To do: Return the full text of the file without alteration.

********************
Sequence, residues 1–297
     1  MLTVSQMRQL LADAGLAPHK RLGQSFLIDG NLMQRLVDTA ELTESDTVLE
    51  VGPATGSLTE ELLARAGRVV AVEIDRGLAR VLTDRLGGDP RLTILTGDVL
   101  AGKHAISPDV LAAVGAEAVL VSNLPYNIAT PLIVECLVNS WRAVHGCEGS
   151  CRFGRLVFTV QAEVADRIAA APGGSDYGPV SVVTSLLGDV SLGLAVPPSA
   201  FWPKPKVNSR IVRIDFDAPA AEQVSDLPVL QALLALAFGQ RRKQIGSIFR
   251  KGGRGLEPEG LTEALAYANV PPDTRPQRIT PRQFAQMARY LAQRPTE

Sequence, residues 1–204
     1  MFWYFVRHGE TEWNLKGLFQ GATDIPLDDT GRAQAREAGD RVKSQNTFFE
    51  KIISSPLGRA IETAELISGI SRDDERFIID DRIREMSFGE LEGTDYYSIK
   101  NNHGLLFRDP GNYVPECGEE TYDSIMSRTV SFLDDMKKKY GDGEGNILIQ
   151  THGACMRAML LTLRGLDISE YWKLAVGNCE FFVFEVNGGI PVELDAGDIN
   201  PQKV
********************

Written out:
Sequence, residues 1–297
     1  MLTVSQMRQL LADAGLAPHK RLGQSFLIDG NLMQRLVDTA ELTESDTVLE
    51  VGPATGSLTE ELLARAGRVV AVEIDRGLAR VLTDRLGGDP RLTILTGDVL
   101  AGKHAISPDV LAAVGAEAVL VSNLPYNIAT PLIVECLVNS WRAVHGCEGS
   151  CRFGRLVFTV QAEVADRIAA APGGSDYGPV SVVTSLLGDV SLGLAVPPSA
   201  FWPKPKVNSR IVRIDFDAPA AEQVSDLPVL QALLALAFGQ RRKQIGSIFR
   251  KGGRGLEPEG LTEALAYANV PPDTRPQRIT PRQFAQMARY LAQRPTE

Sequence, residues 1–204
     1  MFWYFVRHGE TEWNLKGLFQ GATDIPLDDT GRAQAREAGD RVKSQNTFFE
    51  KIISSPLGRA IETAELISGI SRDDERFIID DRIREMSFGE LEGTDYYSIK
   101  NNHGLLFRDP GNYVPECGEE TYDSIMSRTV SFLDDMKKKY GDGEGNILIQ
   151  THGACMRAML LTLRGLDISE YWKLAVGNCE FFVFEVNGGI PVELDAGDIN
   201  PQKV